The initiative was additionally supported by King County Councilmember Larry Gossett, who testified in front of the Legislature in support of I-1000. Gossett said in an interview he believes the initiative is a positive step toward achieving greater equality for people of color and women.

“I hope that university campuses, and amongst both public and private employers around the state, particularly in those areas where there is substantial evidence that people of color, women, have been excluded, discriminated against, are now able to move projects and programs forward,” Gossett said.

Gossett said contract opportunities even in King County have been severely dwindled for people of color and women since I-200 was passed in 1998. However, Gossett said he is expecting there to be a substantial push in the state to repeal I-1000.

“I’m excited first about both the House and the Senate, the Washington state Legislature passing it. I’m confident that the governor will sign it, but I, being a realist, believe that there’s a great possibility for people to mount an initiative drive to kill the implementation of I-1000,” Gossett said. “And that would be extremely dissatisfying and hurtful if that happens. But if indeed it does happen, then I’m sure that beneficiaries of these incremental changes and affirmative action, as well as every democratic loving person in the state will join hands, not to sign the initiative, but will join hands to prevent this initiative drive should it occur from being successful.”


Talk to us

Please share your story tips by emailing editor@courierherald.com.

To share your opinion for publication, submit a letter through our website https://www.courierherald.com/submit-letter/. Include your name, address and daytime phone number. (We’ll only publish your name and hometown.) Please keep letters to 500 words or less.

More in News

A train route that would shuttle people between Eastern and Western Washington could tie in with the proposed ultra-high-speed rail between B.C. and Portland. Photo courtesy RobertStafford/Pixabay.com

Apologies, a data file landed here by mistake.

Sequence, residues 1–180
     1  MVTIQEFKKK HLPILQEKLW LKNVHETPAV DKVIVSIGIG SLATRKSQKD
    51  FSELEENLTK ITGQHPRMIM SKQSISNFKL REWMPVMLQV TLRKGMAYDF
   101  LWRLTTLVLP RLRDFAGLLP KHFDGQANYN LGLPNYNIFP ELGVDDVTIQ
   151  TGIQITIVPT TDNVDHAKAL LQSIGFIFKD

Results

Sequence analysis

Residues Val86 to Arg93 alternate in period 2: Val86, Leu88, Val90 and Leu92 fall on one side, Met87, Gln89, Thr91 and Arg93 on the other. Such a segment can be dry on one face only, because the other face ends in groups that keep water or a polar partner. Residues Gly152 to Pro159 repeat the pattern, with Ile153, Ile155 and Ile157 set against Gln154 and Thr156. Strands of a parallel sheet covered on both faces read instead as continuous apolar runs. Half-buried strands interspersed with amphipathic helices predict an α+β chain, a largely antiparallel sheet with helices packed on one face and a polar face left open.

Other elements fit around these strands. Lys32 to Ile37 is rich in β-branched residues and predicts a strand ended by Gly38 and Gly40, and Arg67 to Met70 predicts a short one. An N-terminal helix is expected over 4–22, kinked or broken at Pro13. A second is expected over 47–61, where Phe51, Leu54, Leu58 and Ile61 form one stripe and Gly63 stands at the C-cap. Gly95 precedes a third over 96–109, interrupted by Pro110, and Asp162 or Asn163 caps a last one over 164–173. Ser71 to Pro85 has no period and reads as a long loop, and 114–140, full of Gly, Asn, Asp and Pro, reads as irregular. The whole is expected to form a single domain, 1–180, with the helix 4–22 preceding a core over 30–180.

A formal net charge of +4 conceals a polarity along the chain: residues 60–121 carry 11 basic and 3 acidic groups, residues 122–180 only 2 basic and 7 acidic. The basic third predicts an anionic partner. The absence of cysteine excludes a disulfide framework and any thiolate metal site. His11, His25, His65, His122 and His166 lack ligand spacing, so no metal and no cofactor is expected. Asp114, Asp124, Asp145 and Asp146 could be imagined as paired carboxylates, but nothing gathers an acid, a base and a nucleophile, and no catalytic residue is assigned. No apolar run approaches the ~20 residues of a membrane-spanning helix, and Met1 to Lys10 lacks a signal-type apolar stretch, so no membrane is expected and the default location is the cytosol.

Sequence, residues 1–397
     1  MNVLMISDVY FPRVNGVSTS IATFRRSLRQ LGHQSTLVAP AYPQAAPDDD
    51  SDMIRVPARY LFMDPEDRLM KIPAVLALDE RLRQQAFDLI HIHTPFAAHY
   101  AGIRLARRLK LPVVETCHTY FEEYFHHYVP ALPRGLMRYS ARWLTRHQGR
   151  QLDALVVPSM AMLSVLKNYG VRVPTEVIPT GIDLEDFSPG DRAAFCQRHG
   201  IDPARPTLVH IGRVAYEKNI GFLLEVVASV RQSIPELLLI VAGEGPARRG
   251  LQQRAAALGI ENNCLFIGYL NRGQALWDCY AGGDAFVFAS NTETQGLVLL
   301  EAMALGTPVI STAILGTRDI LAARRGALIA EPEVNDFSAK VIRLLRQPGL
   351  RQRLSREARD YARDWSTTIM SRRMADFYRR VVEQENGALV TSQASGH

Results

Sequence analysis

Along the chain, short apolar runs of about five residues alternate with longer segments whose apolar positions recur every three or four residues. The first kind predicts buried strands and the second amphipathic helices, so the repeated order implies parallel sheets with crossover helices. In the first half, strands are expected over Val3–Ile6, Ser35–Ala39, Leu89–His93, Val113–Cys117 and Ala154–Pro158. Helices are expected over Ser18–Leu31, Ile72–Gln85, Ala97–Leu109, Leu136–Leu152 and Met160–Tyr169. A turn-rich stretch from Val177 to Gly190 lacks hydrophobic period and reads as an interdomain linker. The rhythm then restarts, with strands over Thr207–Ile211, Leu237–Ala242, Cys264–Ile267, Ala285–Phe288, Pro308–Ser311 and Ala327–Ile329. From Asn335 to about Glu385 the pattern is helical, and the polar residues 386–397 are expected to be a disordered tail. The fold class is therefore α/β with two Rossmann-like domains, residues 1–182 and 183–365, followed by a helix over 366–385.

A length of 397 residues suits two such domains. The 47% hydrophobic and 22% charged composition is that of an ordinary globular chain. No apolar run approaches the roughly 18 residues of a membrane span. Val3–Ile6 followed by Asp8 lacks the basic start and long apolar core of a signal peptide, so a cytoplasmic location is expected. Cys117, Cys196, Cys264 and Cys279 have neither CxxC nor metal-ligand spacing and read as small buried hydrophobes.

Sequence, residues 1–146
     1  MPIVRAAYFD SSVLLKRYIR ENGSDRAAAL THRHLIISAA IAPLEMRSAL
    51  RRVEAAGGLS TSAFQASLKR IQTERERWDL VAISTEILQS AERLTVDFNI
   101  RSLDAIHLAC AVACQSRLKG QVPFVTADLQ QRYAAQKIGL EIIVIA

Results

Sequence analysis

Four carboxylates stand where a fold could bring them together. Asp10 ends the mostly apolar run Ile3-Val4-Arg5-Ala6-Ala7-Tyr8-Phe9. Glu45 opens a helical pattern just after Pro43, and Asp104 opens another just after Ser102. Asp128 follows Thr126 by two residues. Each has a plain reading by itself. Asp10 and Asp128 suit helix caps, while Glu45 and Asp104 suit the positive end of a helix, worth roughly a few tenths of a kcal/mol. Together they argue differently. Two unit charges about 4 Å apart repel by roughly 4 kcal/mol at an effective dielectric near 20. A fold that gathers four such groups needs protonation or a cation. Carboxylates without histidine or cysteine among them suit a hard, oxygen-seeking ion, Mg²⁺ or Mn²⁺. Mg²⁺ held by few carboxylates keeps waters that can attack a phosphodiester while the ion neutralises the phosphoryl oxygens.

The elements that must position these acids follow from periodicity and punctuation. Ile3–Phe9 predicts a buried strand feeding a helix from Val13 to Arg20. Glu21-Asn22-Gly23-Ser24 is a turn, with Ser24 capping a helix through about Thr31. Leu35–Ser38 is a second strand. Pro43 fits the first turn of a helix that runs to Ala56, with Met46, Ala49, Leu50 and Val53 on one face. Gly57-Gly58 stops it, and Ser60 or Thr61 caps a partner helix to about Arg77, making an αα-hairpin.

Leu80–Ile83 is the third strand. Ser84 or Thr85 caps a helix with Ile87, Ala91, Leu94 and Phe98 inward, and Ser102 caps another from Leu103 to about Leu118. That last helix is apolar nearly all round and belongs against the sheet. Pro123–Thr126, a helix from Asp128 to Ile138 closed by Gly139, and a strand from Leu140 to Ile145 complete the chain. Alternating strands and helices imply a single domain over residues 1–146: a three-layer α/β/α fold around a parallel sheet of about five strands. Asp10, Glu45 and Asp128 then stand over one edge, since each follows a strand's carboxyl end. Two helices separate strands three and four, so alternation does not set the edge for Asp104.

State receives King County to Spokane rail study

It would take about eight and a half hours to reach the Inland Empire from Puget Sound.

Assessments are in, Pierce County property values continue to climb

Properties in Orting saw the greatest percentage increase over last year

Courtesy of Mountain View Fire and Rescue
Mountain View Fire and Rescue seeks levy on Aug. 4 primary ballot

Service area includes unincorporated King County near the cities of Auburn, Enumclaw and Kent.

Bret Chiafalo. File photo
Supreme Court says state can punish WA faithless electors

Justices: Presidential electors, including Everett man, must keep pledge to back popular vote winner

Enumclaw, Black Diamond police blotter | June 24 – July 6

Garbage bears, racing jet skis, and illegal fireworks.

Owner of proposed Enumclaw Recycling Center ordered to close Auburn location

King County has been trying to shutter the Buckley Recycle Center for nearly 15 years, and claims the lack of progress at the Enumclaw site shows the owner has little interest in complying with county regulations.

Gov. Jay Inslee issued new guidance allowing the resumption of self-service buffets, salad bars, salsa bars, drink stations and other types of communal food sources in Phase 2. File photo
Buffets and salad bars back on the menu in King County

Gov. Jay Inslee has revised rules to allow self-serve food areas in Phase 2 of the state’s reopening.

Brian Tilley (left) and Katie Dearman work the wash station Friday at Kate’s Greek American Deli in Everett. (Kevin Clark / The Herald)
Governor’s no-mask, no-service order begins across Washington

“Just do not ring up the sale,” Gov. Jay Inslee said about customers who do not don the proper masks.

King County homeless count: 11,751 people, up 5 percent from 2019

One night a year, volunteers spread out across Seattle and King County… Continue reading

Most Read